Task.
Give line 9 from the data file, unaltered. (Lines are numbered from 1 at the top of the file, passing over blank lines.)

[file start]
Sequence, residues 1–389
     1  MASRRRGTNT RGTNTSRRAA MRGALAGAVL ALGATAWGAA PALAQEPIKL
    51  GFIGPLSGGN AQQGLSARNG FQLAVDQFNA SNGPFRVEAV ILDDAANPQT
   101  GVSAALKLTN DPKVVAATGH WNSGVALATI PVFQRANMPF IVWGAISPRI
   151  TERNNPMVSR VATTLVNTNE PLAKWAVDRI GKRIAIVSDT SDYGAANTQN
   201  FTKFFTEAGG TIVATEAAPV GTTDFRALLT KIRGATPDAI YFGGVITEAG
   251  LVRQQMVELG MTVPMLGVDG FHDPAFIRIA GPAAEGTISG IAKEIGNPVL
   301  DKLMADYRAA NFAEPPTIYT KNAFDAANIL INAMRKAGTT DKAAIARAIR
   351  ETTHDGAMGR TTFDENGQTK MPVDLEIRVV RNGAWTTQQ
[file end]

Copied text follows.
   351  ETTHDGAMGR TTFDENGQTK MPVDLEIRVV RNGAWTTQQ